Why We Do What We Do

A Pitch From Our Artistic Director, Hope McIntyre

It is time to brag, boast, crow and show some swagger! I’ll admit it, I don’t always do the best job of tooting the company’s horn. When I was a kid it was a bad thing to be a show off. So, I keep my head down and do the work. The work gets done but not everyone knows about it and not everyone knows how amazing what we do is.

GeNie and kids

Why is Sarasvàti Productions unique? This year alone we opened the eyes to almost 4,500 youth and teachers to the reality of what youth in care experience. To have a young person stand up and say “thank you for helping my peers understand what I have been through” means the world to us. We have had dozens of emerging artists attend our workshop series and access important information to launch their careers as artists. I’ve gotten to see a child who was too shy to say his name become a potato on stage. I’ve sat in a room with 15 women, all but one was sexually abused as a child, and listened to them share their stories. Then being able to laugh with them as we play theatre games. We’ve brought to the stage dozens of stories that would not otherwise be told. What makes us unique is that we are using the arts in a very important, powerful and special way. We believe that the arts have the ability to empower, to teach, to inspire and to allow everyone to have a voice.

SNA BB session 8 (3)Over the last 17 years there have been lots of sacrifices because of the belief that the work we are doing is important. This has been proven to me time and time again when I see the direct impact. However, the reality is that for 17 years we’ve struggled for funding. Our unique position as a theatre company working in the community and dedicated to social change sometimes puts us at a disadvantage when competing for funding that is awarded based on artistic excellence. We combine professional artists with emerging artists and even with community members. On average only about 30% of our revenue comes from public sources and only 5% is for operating costs with multi-year stability. This reality is not the norm for a theatre company operating a full season and having done so for so many years. It may not be sustainable forever, but we have never posted a debt, we stretch every dollar and we now have an endowment fund to work towards long-term stability.

MNM buttonOkay, enough of the reality check – back to bragging! Miss N Me is our next production and it is a crazy, wonderful and empowering journey. The playwright is one of a few two-time Governor General Award winners. We have a fabulous team of local artists including our amazing cast of Colin Connor, Kevin P. Gabel, Alissa Watson and Melanie Whyte. Our design team of Brenda McLean, James Jansen and Dean Cowieson have an awesome challenge with a complex show and a tight budget. They are all miracle workers. Our Assistant Director Angie St. Mars is a powerhouse and Missy Elliott’s biggest fan! The show is worth seeing and it is worth supporting. We’ve just launched our donation campaign for this world premiere and it is a chance for the community to show that they do want this type of wonderful theatre to exist in Winnipeg!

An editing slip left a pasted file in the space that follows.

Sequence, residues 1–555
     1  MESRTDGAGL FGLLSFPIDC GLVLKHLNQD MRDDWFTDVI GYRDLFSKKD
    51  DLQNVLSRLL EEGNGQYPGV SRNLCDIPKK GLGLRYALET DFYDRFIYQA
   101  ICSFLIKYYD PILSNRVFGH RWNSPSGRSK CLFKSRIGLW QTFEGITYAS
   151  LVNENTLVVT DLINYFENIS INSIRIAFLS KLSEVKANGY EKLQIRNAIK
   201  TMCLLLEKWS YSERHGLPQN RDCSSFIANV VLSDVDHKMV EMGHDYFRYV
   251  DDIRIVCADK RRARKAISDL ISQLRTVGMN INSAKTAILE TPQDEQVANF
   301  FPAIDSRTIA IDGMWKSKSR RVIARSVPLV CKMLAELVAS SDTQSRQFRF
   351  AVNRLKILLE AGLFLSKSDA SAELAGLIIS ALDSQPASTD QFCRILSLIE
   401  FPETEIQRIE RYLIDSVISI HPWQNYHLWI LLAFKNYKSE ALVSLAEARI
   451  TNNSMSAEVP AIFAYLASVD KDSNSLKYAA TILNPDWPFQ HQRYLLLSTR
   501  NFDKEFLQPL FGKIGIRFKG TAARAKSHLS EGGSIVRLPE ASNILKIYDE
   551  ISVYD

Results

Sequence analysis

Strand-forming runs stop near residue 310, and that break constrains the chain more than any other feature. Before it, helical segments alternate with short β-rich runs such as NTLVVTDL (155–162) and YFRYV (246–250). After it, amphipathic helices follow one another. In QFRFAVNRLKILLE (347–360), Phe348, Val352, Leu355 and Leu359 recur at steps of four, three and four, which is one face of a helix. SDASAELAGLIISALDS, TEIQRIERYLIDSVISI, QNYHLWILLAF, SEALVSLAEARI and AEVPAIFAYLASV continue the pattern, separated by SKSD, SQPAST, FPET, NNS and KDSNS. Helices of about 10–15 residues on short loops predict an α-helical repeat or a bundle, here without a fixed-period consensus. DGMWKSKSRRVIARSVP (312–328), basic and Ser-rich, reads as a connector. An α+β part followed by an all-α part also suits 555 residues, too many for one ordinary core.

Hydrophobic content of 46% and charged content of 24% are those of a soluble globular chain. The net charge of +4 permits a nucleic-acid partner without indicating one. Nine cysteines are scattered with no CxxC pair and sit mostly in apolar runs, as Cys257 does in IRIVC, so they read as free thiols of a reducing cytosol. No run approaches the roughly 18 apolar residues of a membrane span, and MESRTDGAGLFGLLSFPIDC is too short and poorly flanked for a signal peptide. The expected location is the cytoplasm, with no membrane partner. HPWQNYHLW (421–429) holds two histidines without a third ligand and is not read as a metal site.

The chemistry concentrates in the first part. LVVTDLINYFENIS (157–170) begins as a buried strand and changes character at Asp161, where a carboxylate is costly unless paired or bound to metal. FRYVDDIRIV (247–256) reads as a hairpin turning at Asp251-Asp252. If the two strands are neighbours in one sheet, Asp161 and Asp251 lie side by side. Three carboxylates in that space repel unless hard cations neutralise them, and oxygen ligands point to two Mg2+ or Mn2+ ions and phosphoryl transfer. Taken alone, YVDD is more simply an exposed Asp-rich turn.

Click here to give and get great donor benefits! We know not everyone can support us in this way so show your support by purchasing tickets here. If money is not an option then contact us to volunteer. If we’ve really won you over we are also recruiting for our Board of Directors and committees.

Meet the Miss N Me Team!

They’ve all appeared in past shows with us, but you’ve never seen them like this before! We are super excited about the team that will be bringing our spring show to life. Catherine Banks (amazing two time Governor General Award winning playwright) has put the final touches on her newest play, Miss N Me, and entrusted us with the premiere . With the group of artists we have on board she will not be disappointed when the show opens on May 21st! Miss N Me is about Dawna, a hairdresser, who goes on a road trip to New York to meet her idol Missy Elliott and along the way she picks up a bunch of whacky hitch-hiking characters.

Melanie Whyte in Impromtu of Outremont

Melanie Whyte in The Impromtu of Outremont

We are thrilled to have Melanie Whyte taking the lead as Dawna! It has been far too long since we’ve worked together, ten years in fact! Melanie was in our TremblayFest production of The Impromptu of Outremont. Since then she’s been busy mostly using her singing talents in musicals such as Mary Poppins, Light on the Piazza and A Man of No Importance. She’s going to get to do a different type of singing in this play though. For her role as Dawna she’s going to have to channel her inner Missy Elliott and try out some rapping!

Kevin Gabel in EDEN

Kevin Gabel in EDEN

Playing Dawna’s teenage son, Justin, is Kevin Gabel. Kevin most recently partnered with Rana Bokhari in this year’s So You Think You Can Act competition, but three years before that he played another teenager in our production of Hope McIntyre’s EDEN. He is truly ageless and we’re happy he can still pull it off! But more recently Kevin has been playing older characters like the son in Theatre Project Manitoba’s production of Proud and Fred in Noel Coward’s Fallen Angels with Tara Players Theatre Company. Hopefully he’ll easily get back in touch with his inner teenager for Miss N Me!